As you know.... Search for Firefox, download it from http://getfirefoxhereyouidiot.com and seconds later your infected with Malware.

I call any Malicious software Malware. I don't care if the user installed it or not. My definition is different than the standard definition, whatever that is. I guess I live in my own world... :)

"This likely means that they are going back to their Windows roots and focusing on productivity"

About time Microsoft!

The only reason I switched to a Mac was because I got my work done quicker. Just give me a fast, simple os so I can work....not play about and I'm happy

Is this a hint that Windows' UI is going to be aware/sensitive/selectable based on the hardware? If so, that is a very good thing. A "one size (UI) fits all" philosophy never has worked well.

I don't think they are moving away from the hybrid model. The main Microsoft idea of "One Windows to fit all" is here to stay, which is a good thing, Microsoft is able to deliver that and is an advantage for both the company and its costumers. The way I get it, is that the implementation of this idea will adapt differently and adjust uniquely to each form factor and screen size, rather than forces a universal language as it today. This is also a very positive change. I was expected nothing else from Microsoft, this is Windows 8 evolution to the right direction.

Happy with the WIndows 8 Metro UI, and Desktop, I use a combination of Metro/Modern Apps all day long daily, Mail app, Windows 8.1 Games, xbox music, xbox video, weather, Desktop IE 11, and other features. I got no problems with functions or anything, works perfectly for my needs. Cloud backup server with Onedrive is very nice as well, syncs to my Windows phone perfectly all I need on there. So there is people that like Modern/Metro UI, and Desktop mode equally...some days i'm in Metro UI more than Desktop, and some days in Desktop more or 50/50 each

I don't think I going to be happy with Windows 9 is a Windows 8 fix for Windows 7 and for the user to switch to Windows 9 is basically brings back the Start Menu with Metro Titles on it and Program Apps you install and I know you can disable Metro Titles if you choose. Windows 8 and 9 feels Plain still basically looks like Windows 7 with new stuff added. and they didn't do much to change the operating system., I don't agree with cloud services either, instead of improving Windows 9 and have to spend time fixing it with a new start menu, and I know they will be adding new features along but it isn't the point, is basically another Windows 7 with the look instead of coming up with genius ideas how to improve Windows 9 and make it the best OS like Windows 7 with a lot of change and improvement., I agree with the Chinese this isn't the future of Windows 8/9 with cloud stuff and password login that requires it for the Windows Store to buy stuff and all that jazz.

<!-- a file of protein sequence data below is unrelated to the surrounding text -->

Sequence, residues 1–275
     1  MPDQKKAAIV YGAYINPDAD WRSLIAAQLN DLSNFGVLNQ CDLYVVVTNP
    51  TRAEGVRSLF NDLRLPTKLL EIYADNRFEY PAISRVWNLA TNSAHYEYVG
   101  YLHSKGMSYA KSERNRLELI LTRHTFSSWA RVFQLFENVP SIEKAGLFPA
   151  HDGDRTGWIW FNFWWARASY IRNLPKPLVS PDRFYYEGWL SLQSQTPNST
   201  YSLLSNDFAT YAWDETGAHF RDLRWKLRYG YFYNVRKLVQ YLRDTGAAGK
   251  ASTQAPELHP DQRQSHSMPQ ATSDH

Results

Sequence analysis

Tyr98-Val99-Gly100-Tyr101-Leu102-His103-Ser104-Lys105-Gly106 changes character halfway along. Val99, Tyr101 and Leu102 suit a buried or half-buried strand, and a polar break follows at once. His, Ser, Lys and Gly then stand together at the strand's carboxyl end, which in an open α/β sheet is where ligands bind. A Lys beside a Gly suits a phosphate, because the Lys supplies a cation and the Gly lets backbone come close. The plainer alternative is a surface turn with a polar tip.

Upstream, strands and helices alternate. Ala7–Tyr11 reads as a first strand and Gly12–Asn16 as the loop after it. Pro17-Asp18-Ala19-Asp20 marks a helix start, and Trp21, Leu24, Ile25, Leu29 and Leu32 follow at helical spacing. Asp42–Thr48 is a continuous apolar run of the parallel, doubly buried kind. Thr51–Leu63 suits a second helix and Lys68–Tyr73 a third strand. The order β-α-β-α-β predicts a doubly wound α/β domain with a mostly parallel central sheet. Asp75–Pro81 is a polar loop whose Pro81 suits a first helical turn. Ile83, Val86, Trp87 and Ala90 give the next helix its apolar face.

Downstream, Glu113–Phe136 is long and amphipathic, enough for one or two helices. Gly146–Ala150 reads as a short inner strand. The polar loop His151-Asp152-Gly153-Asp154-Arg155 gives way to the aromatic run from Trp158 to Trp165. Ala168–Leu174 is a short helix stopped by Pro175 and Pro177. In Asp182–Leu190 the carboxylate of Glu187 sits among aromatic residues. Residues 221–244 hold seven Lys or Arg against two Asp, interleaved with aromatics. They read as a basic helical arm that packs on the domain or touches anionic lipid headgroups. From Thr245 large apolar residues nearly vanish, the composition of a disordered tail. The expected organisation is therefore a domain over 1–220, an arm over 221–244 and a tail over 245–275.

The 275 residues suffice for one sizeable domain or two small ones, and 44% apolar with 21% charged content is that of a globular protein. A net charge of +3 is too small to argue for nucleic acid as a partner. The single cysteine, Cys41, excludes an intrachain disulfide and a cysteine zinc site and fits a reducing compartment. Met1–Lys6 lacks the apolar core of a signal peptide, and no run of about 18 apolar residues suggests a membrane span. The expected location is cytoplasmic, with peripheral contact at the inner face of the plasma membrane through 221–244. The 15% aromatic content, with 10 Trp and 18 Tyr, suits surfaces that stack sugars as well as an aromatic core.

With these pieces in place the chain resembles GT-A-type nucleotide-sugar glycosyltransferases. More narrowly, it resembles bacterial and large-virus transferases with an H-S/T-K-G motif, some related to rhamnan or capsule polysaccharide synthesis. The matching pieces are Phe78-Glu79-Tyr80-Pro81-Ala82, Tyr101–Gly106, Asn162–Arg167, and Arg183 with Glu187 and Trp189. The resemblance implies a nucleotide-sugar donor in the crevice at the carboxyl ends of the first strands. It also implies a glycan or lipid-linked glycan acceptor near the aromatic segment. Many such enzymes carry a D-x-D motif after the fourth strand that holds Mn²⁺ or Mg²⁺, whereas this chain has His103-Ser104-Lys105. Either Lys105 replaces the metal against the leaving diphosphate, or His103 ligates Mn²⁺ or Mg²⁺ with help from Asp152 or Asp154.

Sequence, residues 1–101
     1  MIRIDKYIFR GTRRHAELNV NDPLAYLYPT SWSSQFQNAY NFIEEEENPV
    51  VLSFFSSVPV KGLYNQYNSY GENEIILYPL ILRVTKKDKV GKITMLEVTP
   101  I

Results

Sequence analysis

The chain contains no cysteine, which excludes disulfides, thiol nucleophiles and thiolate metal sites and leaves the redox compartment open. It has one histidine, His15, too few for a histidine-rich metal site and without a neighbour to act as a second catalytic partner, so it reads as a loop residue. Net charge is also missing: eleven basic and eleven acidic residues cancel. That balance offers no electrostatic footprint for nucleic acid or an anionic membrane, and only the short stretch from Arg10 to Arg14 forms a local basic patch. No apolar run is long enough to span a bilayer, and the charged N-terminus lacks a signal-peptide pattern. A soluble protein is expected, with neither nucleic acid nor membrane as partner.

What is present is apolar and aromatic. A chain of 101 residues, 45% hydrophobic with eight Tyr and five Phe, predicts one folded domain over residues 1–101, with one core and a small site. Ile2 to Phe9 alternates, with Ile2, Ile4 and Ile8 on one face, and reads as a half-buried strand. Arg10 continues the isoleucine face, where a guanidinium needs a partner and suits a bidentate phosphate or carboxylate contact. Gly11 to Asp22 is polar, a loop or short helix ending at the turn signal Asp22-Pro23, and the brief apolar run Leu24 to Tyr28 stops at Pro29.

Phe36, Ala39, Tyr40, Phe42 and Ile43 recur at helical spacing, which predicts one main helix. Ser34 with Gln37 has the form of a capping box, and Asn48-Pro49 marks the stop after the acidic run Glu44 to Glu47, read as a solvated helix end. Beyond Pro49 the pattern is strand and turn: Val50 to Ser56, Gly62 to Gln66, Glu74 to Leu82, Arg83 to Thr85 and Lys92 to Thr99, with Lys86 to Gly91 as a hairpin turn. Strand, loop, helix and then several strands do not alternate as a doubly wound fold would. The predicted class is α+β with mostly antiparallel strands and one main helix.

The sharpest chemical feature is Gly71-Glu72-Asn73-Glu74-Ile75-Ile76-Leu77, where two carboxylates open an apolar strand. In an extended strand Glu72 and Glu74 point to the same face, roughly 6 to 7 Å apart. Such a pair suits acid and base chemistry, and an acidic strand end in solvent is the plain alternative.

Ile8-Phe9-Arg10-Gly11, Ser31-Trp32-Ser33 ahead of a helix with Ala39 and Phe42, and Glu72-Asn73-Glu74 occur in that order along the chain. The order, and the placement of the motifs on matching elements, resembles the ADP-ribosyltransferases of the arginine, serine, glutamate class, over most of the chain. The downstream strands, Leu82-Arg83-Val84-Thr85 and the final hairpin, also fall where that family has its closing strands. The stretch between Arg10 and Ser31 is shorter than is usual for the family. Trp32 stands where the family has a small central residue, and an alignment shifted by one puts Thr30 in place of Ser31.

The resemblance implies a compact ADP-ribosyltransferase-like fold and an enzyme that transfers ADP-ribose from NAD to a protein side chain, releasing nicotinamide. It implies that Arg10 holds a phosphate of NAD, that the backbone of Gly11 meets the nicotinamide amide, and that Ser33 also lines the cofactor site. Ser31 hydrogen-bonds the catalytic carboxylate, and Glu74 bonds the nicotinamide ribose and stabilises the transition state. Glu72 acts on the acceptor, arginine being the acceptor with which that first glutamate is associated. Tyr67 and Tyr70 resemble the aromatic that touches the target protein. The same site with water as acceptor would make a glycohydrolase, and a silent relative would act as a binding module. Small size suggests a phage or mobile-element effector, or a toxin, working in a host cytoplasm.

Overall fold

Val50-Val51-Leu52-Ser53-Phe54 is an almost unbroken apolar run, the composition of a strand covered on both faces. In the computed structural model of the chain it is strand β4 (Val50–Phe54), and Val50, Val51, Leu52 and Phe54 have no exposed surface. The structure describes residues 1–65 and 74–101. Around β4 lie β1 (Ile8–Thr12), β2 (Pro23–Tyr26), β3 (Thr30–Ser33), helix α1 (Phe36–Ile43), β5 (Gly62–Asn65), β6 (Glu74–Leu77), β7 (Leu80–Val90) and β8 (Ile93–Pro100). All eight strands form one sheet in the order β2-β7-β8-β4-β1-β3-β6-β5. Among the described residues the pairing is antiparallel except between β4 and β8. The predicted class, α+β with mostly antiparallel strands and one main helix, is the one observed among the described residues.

The first thing Microsoft can do is allow people to access the full range of services as a first class citizen by Microsoft licensing free of charge DeltaSync and ActiveSync along with a public API for bookmark and password synchronisation. It is pretty pathetic that OS X can support Google, Yahoo, Facebook and god knows what but doesn't fully support outlook.com and the variety of other services Microsoft have to offer. I have nothing against Microsoft and would be happy to use their services but if they make it an unpleasant experience when compared to iCloud that Apple offers then why should I give them a second chance?

Thank you god.

What they have learned from their Windows 8 experiment, is that people don't want a hybrid UI on the desktop. That is not to say there aren't people who enjoy it, I know there are ... well at least one person for sure, but 95% of the consumers that I work with on a daily basis just want it the way it use to be.

Edited by warwagon, Jul 14 2014, 4:01pm :

Exciting times! Also, it was pretty clear the '3 screens and the cloud' theme has gone a long time ago and it's now it's responsive to EVERY screen all shape and sizes. Can't wait!

Why did they use a MacBook Pro running Lion and not Mavericks? Anyway, back to the meat of the matter, world wide feedback is pretty much saying, Windows 8x is a dud! I think where this release hurt Microsoft most is enterprise adoption, businesses are just not falling for it. Windows 9 will certainly be the new 'Windows 7' based on what I just read (or they at least hoping it will be). I run Windows 8.1 Pro with Update 1 on my work PC and although its much improved, it still does not feel right.